For Clover Canyon, it is so much about storytelling, with a narrative of lighthearted travel inspirations depicting an endless source of landscape and environmental images. This has become our constant theme: the joy of travel, and the journey expressed through a graphic collision of classical patterns, ranging from the ancient Silk Road’s mosaic patterns of classical foulards, paisleys, intricate latticing, and tromp l’oeil textures of woven textiles, all of whose motifs frame our story’s inspirations. Textures and layered souvenir images of geographic regions, landscapes, buildings, interiors and objects. This direction brings us to remember and dream of a journey of both aspirational and real travel, and imagination streaming from textile pattern history.
How important is being able to offer your designs at an accessible price point?
The value is in our design ideas and philosophy carried through to the production precision, which we continue to strive to perfect. The accessible price point is key to respecting the economy, and a realistic value of clothing enabling more women to appreciate and take part in collecting our pieces.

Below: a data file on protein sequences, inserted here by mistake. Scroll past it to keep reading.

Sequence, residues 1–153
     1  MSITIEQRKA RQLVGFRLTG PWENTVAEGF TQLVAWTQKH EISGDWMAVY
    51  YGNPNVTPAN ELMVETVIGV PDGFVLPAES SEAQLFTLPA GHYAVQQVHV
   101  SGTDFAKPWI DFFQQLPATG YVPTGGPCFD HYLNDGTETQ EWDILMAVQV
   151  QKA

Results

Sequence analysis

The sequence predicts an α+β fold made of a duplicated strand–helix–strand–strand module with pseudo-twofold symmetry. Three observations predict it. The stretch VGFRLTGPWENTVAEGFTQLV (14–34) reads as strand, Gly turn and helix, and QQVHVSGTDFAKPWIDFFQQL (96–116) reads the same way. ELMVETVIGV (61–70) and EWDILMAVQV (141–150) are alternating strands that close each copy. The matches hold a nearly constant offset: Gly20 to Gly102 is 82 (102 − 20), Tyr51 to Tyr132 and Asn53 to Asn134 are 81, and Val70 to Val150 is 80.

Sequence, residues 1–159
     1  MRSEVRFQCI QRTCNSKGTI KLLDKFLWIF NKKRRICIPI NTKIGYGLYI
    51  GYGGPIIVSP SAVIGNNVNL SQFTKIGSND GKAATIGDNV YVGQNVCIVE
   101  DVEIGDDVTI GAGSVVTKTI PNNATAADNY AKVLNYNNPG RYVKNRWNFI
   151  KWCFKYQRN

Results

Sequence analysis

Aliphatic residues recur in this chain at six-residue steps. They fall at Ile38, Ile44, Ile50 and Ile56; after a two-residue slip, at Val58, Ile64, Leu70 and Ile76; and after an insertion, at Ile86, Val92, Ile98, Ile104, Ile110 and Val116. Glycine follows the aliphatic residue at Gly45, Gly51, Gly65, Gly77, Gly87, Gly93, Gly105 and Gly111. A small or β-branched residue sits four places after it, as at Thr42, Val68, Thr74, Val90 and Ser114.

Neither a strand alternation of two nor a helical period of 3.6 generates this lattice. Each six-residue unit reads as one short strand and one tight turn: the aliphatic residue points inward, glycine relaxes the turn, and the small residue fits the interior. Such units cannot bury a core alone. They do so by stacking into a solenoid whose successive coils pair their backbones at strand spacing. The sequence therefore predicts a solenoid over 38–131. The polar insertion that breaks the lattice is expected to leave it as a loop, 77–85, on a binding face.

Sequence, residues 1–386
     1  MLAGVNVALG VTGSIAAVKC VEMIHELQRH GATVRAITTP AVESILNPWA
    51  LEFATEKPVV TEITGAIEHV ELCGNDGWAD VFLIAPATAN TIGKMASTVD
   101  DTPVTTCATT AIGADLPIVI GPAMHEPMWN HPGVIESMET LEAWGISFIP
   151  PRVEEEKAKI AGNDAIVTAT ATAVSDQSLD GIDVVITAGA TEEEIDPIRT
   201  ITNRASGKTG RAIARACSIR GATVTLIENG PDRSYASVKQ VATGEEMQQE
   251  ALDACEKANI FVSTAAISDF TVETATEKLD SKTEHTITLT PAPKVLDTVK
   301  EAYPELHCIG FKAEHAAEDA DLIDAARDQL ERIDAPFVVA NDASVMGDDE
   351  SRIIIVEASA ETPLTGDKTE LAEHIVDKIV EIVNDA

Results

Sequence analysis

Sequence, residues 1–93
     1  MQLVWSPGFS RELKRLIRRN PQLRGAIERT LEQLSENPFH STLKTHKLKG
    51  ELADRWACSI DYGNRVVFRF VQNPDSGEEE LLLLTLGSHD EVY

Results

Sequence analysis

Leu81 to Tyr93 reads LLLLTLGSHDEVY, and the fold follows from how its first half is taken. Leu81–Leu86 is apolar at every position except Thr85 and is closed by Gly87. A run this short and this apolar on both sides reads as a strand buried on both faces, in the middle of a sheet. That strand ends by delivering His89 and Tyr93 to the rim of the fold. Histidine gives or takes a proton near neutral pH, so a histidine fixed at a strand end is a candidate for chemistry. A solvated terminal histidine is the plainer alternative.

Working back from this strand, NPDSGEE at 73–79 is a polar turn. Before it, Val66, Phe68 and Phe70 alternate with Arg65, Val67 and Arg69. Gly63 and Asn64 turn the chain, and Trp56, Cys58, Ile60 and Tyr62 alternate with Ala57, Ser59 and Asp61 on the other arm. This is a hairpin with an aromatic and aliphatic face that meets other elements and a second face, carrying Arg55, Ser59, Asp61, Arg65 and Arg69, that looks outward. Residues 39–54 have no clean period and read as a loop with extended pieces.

How has being established in the fashion world with your namesake label helped to develop Clover Canyon?
Years of experience and cultivated design repertoire, developing exclusive local production techniques, and trusting relationships, enable a clear direction to our exceptionally passionate design team. It’s come full circle and works as a whole.
Is it difficult to find a balance between the silhouette and print of a garment?
The print graphic is our collection’s season story, and the silhouette is usually an elegantly simple structure, which helps to define and support the story with as little distraction as possible. The silhouette is composed, draped and cut into the composition of the print. The design phase continues until both elements feel harmonious in form.
Who or what has influenced your current collection?
Johnny Cash, past road-trips to Marfa, Texas. The Walter Di Maria lightning fields in New Mexico, and several desert highway journeys. Also, Elvis was in the house!
Describe a typical working day.
A hell of a lot of laughs, and constant attention to planning and precision of details from the entire team.
If you weren’t a designer what would you be doing?